The spider in the above photo is immobile. It’s not moving. It’s not dead, but it can’t move. It’s been stung by a spider wasp and is now paralyzed. The spider is one of two different spiders I’ve found in the past two weeks on the path that winds through Catch the Wind and Explore the Wild.
Both spiders, fairly large arachnids, were in the center of the paved path, or nearly so. In the first instance, the wasp was flying and running frantically about the spider as I approached the two of them. The wasp seemed to be looking for something, a burrow, or the trail leading to a burrow? In true spider wasp fashion it hurried about, flicking its wings and “smelling” the landscape with its bright yellow antennae.
These spider wasps (Entypus unifasciatus) hunt down large spiders, sting and paralyze them, then drag them off to a burrow, whether an existing burrow or a new one yet to be dug. They then lay an egg on the spider and close off the burrow to the outside world.
Soon, the egg hatches and the larva begins to consume the spider alive, though paralyzed. The wasp then pupates underground emerging the following summer to start the cycle all over again.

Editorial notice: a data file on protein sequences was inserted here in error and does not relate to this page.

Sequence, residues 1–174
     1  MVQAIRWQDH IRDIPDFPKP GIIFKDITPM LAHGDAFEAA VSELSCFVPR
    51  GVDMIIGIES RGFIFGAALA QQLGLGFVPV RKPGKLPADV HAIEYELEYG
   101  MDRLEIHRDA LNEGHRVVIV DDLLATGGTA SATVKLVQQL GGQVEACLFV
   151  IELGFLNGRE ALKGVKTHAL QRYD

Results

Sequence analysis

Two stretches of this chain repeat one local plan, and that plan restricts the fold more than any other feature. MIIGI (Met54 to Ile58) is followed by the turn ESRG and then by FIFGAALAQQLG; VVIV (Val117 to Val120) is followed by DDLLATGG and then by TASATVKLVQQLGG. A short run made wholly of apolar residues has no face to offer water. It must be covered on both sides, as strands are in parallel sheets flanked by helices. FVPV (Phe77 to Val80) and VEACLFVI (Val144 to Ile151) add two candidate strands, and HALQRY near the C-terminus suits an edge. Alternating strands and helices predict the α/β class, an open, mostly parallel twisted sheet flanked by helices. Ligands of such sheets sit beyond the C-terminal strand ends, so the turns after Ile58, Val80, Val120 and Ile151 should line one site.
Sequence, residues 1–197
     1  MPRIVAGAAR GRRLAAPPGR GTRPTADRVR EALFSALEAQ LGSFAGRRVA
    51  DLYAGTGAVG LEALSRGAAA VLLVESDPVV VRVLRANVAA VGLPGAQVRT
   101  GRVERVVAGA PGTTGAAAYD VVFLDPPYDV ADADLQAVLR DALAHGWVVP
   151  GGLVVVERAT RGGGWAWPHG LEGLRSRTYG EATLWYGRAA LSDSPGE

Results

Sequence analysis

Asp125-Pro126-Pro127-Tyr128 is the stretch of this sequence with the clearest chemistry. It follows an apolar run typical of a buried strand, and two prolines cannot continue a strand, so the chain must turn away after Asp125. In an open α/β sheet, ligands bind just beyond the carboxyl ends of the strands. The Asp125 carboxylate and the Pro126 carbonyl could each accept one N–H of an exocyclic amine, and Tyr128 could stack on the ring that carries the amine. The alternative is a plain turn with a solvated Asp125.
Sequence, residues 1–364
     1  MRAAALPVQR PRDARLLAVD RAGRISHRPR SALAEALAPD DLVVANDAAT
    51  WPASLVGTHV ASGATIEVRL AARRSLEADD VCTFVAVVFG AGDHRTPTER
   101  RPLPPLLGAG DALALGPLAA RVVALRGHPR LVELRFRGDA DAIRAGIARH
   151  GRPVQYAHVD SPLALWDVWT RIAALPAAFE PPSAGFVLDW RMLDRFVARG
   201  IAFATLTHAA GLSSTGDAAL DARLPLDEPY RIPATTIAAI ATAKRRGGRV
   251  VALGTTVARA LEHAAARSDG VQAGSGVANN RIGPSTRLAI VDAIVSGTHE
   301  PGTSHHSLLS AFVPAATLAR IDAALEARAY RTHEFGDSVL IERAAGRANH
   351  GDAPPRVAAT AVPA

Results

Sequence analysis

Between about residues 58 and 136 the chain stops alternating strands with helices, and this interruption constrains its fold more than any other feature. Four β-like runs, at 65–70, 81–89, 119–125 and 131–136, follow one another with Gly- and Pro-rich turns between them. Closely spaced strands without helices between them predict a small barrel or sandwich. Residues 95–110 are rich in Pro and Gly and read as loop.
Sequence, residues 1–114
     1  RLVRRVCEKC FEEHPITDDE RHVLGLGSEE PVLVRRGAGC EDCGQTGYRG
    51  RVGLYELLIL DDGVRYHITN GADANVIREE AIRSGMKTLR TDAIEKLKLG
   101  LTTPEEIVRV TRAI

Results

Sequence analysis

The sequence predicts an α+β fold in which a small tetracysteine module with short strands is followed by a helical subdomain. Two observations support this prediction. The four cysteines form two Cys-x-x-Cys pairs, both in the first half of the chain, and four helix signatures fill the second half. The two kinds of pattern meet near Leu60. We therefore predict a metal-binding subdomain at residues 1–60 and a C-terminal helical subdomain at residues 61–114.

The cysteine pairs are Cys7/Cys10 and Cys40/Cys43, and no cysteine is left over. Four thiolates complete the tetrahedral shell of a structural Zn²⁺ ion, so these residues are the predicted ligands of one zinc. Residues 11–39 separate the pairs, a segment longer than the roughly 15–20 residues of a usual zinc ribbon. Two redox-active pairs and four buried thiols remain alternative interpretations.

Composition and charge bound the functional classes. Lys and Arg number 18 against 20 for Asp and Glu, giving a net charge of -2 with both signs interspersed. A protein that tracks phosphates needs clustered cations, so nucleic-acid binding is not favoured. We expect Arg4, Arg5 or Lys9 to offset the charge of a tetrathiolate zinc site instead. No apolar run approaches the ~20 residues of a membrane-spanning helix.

That’s all fascinating and somewhat gruesome at the same time, but the amazing thing about the whole process is that the wasp, after approaching and stinging the spider, single-handedly drags the unfortunate victim back to a burrow. Entypus unifasciatus is a large wasp but the spider it targets is typically larger than itself and the trail back to the burrow is usually over some pretty rough terrain.
Rough terrain can be anything from waste places or leaf litter to an unmowed, or even a mowed, lawn. For a creature the size of these wasps (about an inch in length) that’s quite a feat. I read one article that described a spider wasp dragging its prey 18 meters to a burrow, that’s almost sixty feet, in about 9 minutes time. Imagine dragging, say, an unconscious female black bear (average weight 100-300 lbs) over a bootcamp obstacle course. Tough.
The first spider I encountered was left where found and was squashed on my next trip around the outdoor loop, the victim of a busy museum visitation day.
When coming upon the second spider I carefully picked it up and moved it to a safe location just off the path. The wasp was nowhere to be seen. Thinking the wasp was nearby searching for a burrow, or digging a new one, I reasoned it’d be back for the spider. On my next trip around the 1/2 mile loop, the spider was gone.